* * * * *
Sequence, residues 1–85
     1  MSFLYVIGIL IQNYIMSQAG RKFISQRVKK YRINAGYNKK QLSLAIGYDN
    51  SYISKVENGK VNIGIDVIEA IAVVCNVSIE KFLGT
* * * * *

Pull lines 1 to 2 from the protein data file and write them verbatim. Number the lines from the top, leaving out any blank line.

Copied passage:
Sequence, residues 1–85
     1  MSFLYVIGIL IQNYIMSQAG RKFISQRVKK YRINAGYNKK QLSLAIGYDN